I once spent some time with a middle-aged Russian woman. We never conversed, and I don’t recall her name. I’d been assigned to work on a project for two weeks in a remote village in Russia, five hours from Moscow. The village of 20,000 in the middle of Russian farmland didn’t have a hotel or restaurant, though we did eat at the local disco one evening (a whole other story). We stayed at the company’s “guest house” (do NOT think plush Swedish villa), and the Russian woman was our cook, laundress, and house cleaner.
I have three memories of her. She was always there with breakfast ready when we awoke in the morning, and again with dinner underway when we arrived back at the house, after we finished our work for the day. Every day but one, dinner was some version of “mystery pork.” Most were fairly tasty if basic, but the other picky eater in the group and I became the “canaries”, carefully testing a small bite before signaling the all clear. Breakfast was generally safer, but I was still really grateful to have 2-3 choices (though also basic) in the plant cafeteria at lunch. I’ve wondered if she always served pork because that was the cheapest choice on an allowance she was given, or if that was simply her only choice at all. By the end of the two weeks, several of my teammates came to believe that she only pretended to speak just Russian, that she really understood some English after all, as she hovered in the kitchen while we ate. We’ll never know for sure.
Though we never spoke, midway through the trip, one event made me decide I liked her. Given the utter lack of entertainment in the village, we hired a driver to take us to Moscow for the weekend. Ahh, to eat something other than pork, and to sleep in a real hotel bed that didn’t resemble a cot, with a heater adequate to keep out the March cold! Before we left for the city, we were told to leave any laundry we needed done on our bed, along with money to pay her to do it. How much money, we asked? Our teammate gave us a rough idea, but it was all pretty ambiguous. I took my best guess, rounded up, and hoped I’d been fair. When we returned Sunday night, my clothes were clean and neatly folded on my cot. Most of the team’s were. But two of our colleagues’ beds were empty. As we compared notes over the next couple of days, we discovered the pattern: those us us who’d received our clothes immediately had paid her the most, either relative to the amount of our laundry or in total. One of our delayed colleagues, who’d left a respectable sum but also a mountain of clothes, got his back Monday night. She made the last guy sweat it out until Tuesday night, when he was down to his last clean clothes. I like my colleagues, but it was amusing to watch her school us all with a very clear and simple lesson.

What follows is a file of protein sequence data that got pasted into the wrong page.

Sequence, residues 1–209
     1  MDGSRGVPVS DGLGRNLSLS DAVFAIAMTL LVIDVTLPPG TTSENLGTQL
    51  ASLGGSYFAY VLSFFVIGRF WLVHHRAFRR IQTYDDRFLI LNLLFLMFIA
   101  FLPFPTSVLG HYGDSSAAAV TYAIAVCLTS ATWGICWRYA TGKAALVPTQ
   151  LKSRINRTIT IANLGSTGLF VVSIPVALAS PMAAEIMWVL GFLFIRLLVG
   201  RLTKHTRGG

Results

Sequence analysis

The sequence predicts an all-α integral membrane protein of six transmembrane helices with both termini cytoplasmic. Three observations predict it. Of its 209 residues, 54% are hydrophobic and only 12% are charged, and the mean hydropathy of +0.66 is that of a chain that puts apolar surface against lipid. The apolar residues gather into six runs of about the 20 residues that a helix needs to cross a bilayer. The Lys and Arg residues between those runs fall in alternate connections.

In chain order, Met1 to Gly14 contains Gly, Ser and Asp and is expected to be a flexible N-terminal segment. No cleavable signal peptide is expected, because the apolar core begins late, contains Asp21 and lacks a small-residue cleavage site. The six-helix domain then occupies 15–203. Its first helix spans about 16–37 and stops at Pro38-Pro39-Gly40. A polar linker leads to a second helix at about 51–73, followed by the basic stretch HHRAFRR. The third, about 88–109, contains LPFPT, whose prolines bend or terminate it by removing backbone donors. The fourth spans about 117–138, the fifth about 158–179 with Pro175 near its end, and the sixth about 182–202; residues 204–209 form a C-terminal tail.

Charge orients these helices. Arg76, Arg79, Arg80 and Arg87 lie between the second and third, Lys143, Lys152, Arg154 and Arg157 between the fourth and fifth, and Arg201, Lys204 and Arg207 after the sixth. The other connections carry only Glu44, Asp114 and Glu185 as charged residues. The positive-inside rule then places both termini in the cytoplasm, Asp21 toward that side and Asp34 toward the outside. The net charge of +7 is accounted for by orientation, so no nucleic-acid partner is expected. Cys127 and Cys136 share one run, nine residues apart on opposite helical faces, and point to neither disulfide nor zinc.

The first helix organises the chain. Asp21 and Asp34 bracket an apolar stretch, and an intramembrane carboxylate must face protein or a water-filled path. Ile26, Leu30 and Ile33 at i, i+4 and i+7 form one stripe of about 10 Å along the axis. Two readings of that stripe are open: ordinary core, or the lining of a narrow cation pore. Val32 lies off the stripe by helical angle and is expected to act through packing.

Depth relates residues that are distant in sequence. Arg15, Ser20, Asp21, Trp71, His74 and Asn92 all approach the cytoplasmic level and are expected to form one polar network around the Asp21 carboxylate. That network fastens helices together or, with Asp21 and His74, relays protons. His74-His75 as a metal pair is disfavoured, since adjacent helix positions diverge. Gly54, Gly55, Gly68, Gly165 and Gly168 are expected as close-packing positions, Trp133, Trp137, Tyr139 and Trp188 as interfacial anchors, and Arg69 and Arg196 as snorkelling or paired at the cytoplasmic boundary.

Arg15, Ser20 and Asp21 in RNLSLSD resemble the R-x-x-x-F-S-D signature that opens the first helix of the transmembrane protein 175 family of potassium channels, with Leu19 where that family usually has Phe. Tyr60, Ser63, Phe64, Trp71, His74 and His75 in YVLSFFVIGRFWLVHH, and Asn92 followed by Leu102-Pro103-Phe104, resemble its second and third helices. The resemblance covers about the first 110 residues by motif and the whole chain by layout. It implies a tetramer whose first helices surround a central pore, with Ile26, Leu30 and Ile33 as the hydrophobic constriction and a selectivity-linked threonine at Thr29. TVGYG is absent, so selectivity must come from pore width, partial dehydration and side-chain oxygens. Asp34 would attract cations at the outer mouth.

But my starkest memory occurred in my last 15 minutes with her. I’d cleared my stuff out of my room, hauling it into the foyer to wait for the driver to take us the long drive back to Sheremetyevo Airport. When I unexpectedly went back into my room, I realized she’d already been there. While the room hadn’t yet been cleaned, I noticed she’d already taken the trash out. Well, some of the trash. What was missing were two unopened foil packages of crumbly Pop Tarts and half of a large chocolate bar I’d purchased in Moscow, still in the wrapper, displaced by my Moscow souvenirs.
She took my used food.
From the trash.
Items of literally zero value to me were worth taking from the trash to her. It was a jolt reminder of how much I take for granted in my very comfortable life. We’d struggled sometimes when I was a kid, but I never went hungry. I’ve never taken food out of someone else’s trash. In that instant, she gifted me with an even bigger lesson, one I’ve not forgotten in the years since. I’m so very blessed. I pray that she and her family are as well.
“Abundance is not something we acquire. It is something we tune into.” –Wayne Dyer